• Become a peer tutor. If you have a GPA of 3.0 and a grade of at least a B in the course you would like to tutor, you may qualify to be a peer tutor. This is not only a paying job, but an opportunity to further your own understanding of a particular subject, help other students with their learning, and it looks really good on your resume. Contact the Counselling, Career & Learning Centre Team in room 1402 by phone 403.343.4064 or via email at . Orientation and training is January 21, so contact them as soon as possible to set up an interview and submit your application.
  • Participate in the Student Perspectives Conference. Share with your family, friends, and peers your outstanding work in a topic related to the Humanities and Social Sciences. Abstracts are being accepted until Monday, February 22. Contact Christina for more information.

3)      I will go to all my classes.
This goal is a little unrealistic, since sometimes life throws curveballs that you can’t avoid, like the flu and car troubles. A better resolution is, I won’t intentionally miss classes. This goal allows for life to happen, and for you to recover from that cold. Maybe your resolution for next year can be I will be more engaged in class, but just attending is a good start! Plus, teachers do notice when you attend class and may be more likely to help you, since they don’t think you are a slacker.

4)       I will be more organized.
Unfortunately college can be a hectic time, with all the assignments, group meetings, and exams. So, before you start missing meetings and handing in assignments late, take steps to organizing your Winter Term now.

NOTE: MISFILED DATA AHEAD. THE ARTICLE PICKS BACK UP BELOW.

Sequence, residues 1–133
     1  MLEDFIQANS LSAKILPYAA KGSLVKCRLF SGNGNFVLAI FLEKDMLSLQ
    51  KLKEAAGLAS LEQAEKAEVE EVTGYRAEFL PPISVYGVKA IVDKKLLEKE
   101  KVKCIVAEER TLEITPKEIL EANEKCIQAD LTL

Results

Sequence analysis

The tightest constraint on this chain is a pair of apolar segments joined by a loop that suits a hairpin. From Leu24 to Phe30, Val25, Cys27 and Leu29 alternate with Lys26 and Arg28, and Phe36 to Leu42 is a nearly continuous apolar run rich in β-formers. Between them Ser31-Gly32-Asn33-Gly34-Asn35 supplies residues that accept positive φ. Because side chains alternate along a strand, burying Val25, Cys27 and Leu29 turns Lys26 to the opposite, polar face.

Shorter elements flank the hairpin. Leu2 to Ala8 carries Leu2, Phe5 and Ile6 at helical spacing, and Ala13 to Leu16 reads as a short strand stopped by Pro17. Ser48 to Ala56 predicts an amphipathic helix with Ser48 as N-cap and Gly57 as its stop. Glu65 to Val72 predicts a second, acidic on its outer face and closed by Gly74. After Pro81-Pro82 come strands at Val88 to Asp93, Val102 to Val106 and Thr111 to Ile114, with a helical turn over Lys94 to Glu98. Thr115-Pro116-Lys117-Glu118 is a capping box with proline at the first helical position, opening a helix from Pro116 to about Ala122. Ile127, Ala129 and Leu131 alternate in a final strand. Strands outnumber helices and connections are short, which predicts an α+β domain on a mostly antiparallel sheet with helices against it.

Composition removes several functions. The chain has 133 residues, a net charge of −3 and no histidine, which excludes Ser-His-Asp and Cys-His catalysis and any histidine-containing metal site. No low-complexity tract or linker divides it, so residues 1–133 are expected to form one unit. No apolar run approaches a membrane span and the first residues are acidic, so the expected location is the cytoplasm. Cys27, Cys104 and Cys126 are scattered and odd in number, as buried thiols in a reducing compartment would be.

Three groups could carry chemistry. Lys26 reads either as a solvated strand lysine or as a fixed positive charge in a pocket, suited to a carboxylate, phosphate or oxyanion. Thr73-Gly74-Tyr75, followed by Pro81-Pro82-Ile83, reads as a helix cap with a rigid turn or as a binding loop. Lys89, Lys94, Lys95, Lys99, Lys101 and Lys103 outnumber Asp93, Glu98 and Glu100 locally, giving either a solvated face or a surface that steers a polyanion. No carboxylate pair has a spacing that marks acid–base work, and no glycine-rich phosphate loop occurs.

• Use your student planner, keep your notes in a binder, input due dates in your phone, use dividers… There are so many tools out there to help you become more organized; you just need to actually use them.
  • Sign up for Grade Fix, it is an easy way to get organized and plan out your semester.
  • Every night go through your materials and put them in their place. There is nothing worse than looking through your notes before an exam and realizing you have misplaced lecture notes.

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The 2010 Winter Term at RDC has arrived

Sadly, the Winter break is now over and school is back in session. Hopefully, the effects of eggnog have worn off and you are ready to hit the books for the Winter Term. Here are a few points to consider for the upcoming week and term:

1.     A few important dates you need to be aware of:

  • First day of classes- January 6
  • Last day to day Winter Term fees- January 11
  • Last day to add/drop Winter Term courses- January 13
  • Last day to withdraw from full year courses and receive a WD- January 13
  • Reading week- February 15-19
  • Student Perspectives Conference abstracts due- February 22
  • Last day of classes for the Winter Term- April 12

2.     The Bookstore:

  • The bookstore has extended hours until January 13
  • Used books or course packages can only be exchanged during the first week of classes
  • All exchanges or refunds must be in original packaging and accompanied by a receipt within 14 days of purchase.
  • Also, check out the Students’ Association (SA) used bookstore (located in the SA office- room 2010) for required texts. You may be able to pick up used texts for cheap here.

3.     Random:

Enjoy the first week of classes and don’t worry, reading week is only 5 and a half weeks away!